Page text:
Emergency Planning Safety in Schools
When emergency planning for a school, it’s important to have the correct focus. They call it emergency planning for a reason – you’re planning to manage an emergency. You are not planning to run an exercise or tick a few boxes.
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Are you focusing on the right things?
True compliance goes beyond the legal requirements and standards. It looks for the best ways to make your building, systems and people safe. For schools – the institutions that instruct and care for our children – this safety is paramount.
Focus on getting your response planned right. The first step to this is ensuring that you are following evacuation shelter and lockdown best practices. And of course, that you are complying with the Australian Standard.
Next, explore ways to mature your plan. Think specifically about how you can further reduce risks on top of your original procedure and the Standards. If you identify a gap, look at how you can fill it. This may be incorporating elements to support active armed offender or terrorist guidelines.
The importance of flexible planning
As you plan and design an approach to mitigate against the foreseeable risks for your school, consider how you can keep your plan flexible. Flexibility caters for a myriad of foreseeable risks. Additionally, a flexible plan will work effectively at any time of the day or week, whether it is a school day or not. It will work on a ‘normal’ day and during sports days or fetes.
The key to an effective plan is having an entire team trained to do jobs rather than specific individuals. This ensures a variety of combinations of staff. You’ll never be short of wardens or communication officers. Or alternatively, have too many chief wardens or fire wardens.
Furthermore, this flexibility allows you to manage different emergencies with the same response structure.
One of the more common response structures includes evacuation, shelter-in-place and lockdown response procedures. You may also utilise one of the above responses or a separate procedure for active armed offender scenarios.
An evacuation involves directing staff, students and visitors to the evacuation assembly area and/or restricting access to areas of the premises. If you manage or operate a larger school, you may want the flexibility to manage a staged evacuation, whereby you evacuate the danger area and not necessarily the whole campus. Or, where you evacuate the entire campus starting with most at-risk areas. Your evacuation procedure should also consider how to ensure students are not moved closer to or past danger areas.
A shelter in place may be implemented for external emergencies that require people to stay indoors. These situations include hazardous weather conditions, hazardous material spills, gas leaks, air quality issues and threatening animals.
A lockdown is utilised for an external personal threat type emergency. It may also be utilised during a civil disturbance or a security incident. A lockdown usually involves securing doors and windows, closing blinds, turning off lights and completing other tasks to secure an area.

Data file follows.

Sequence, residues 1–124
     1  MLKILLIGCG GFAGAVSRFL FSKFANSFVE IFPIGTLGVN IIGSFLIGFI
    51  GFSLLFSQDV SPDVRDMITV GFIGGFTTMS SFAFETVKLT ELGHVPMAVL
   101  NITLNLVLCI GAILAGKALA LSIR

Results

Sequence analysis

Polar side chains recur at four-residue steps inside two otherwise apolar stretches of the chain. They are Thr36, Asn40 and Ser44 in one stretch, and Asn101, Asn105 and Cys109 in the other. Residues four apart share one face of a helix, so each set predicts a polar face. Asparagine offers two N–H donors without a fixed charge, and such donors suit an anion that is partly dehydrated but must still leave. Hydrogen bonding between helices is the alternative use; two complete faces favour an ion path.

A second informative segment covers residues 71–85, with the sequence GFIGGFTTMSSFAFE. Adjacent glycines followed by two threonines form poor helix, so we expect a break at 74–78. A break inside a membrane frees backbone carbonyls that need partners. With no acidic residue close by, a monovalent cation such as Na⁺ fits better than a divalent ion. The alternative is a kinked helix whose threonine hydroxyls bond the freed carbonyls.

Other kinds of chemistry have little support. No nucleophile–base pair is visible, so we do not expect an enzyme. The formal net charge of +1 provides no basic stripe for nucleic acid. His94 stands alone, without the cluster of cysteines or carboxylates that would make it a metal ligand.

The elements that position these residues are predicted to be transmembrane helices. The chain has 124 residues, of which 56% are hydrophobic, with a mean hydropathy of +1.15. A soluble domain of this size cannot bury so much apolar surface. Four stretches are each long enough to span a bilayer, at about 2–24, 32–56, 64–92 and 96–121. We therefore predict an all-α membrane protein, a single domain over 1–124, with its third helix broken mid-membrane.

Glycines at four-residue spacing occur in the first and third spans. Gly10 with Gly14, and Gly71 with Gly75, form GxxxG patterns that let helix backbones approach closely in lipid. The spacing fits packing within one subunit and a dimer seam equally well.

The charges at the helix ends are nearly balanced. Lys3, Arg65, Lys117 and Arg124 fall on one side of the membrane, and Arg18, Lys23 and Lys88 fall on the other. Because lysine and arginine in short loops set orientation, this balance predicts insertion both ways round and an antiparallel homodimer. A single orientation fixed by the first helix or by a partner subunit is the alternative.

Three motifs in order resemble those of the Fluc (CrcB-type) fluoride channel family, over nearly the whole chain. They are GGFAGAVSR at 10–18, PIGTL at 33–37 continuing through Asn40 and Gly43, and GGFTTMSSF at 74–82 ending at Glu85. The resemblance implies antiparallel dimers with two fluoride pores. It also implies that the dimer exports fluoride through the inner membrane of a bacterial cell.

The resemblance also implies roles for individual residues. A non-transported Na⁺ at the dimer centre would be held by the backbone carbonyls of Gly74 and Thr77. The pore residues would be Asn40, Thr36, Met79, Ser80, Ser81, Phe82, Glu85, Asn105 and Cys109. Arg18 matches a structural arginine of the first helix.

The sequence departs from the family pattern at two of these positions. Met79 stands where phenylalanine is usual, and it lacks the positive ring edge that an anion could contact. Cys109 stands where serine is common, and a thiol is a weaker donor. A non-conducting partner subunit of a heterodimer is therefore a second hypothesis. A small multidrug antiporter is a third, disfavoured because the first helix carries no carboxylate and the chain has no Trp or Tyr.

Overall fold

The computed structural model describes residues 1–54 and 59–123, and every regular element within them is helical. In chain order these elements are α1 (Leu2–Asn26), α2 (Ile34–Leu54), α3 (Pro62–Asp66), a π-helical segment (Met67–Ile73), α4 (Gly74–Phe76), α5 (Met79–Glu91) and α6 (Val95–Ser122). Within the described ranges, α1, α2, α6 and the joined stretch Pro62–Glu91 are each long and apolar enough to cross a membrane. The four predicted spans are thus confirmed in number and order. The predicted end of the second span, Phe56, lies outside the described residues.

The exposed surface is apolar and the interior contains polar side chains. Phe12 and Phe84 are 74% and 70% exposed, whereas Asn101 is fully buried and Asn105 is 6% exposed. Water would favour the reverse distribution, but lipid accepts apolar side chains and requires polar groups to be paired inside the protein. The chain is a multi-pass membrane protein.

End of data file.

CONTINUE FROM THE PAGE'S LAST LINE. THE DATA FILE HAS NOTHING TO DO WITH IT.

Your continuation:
Australia has guidelines for active threat scenarios, such as an active armed offender. (An armed offender is a person who is actively engaged in killing or attempting to cause serious harm to multiple people. An armed offender demonstrates their intention to continue to do so while having access to additional potential victims).
An active threat response requires all staff to be trained and ready to implement a procedure without the support of wardens during an emergency. The primary objective of this response planning should be to minimise the offender’s access to victims. Therefore, you should develop and practise strategies with school staff aimed at staff and students escaping, while also isolating the offender.
ANZCTC guidelines and layered security
Crowded areas such as assembly areas and playgrounds are locations that are easily accessible by large numbers of people on a predictable basis. This increases the likelihood of hazards and requires extra care when preparing for potential emergency situations. Additionally, crowded places pose a broad range of security challenges. These challenges are identified as attractive targets by those wishing to engage in terrorism, as well as disgruntled or mentally impaired individuals.
To overcome these challenges, you should incorporate layered security. Simply put, the idea of layered security is to implement several measures simultaneously to ensure the most effective security for the area. For example, you may protect a playground from dangerous individuals with:
- A high fence
- Sufficient staff on playground monitoring duty
- Good lighting
- Landscaped open plan areas (removing easy hiding places)
- Trained staff to deal with these emergencies
Belt and braces approach
Schools will always represent an area where you can never do too much to ensure safety and security. To ensure your systems and plans work effectively, you must manage staff accountability with processes that account for those evacuated.
You should also ensure all staff are trained in emergency response procedures with as many as possible trained in warden roles to support a flexible response. This will provide them with the best basis of understanding for how to respond to emergencies. They’ll know how to execute your school’s specific procedures and processes, how to evacuate areas and how to restrict access to danger.
Training also prepares your staff to deal with the aftermath of an emergency. They will know how to pass on relevant information to police officers or emergency responders, comfort individuals and account for the safety of everyone under their care.
Schools do not have the luxury of settling for ‘safe enough.’ However, emergency preparedness can be easily attained if you know where to start.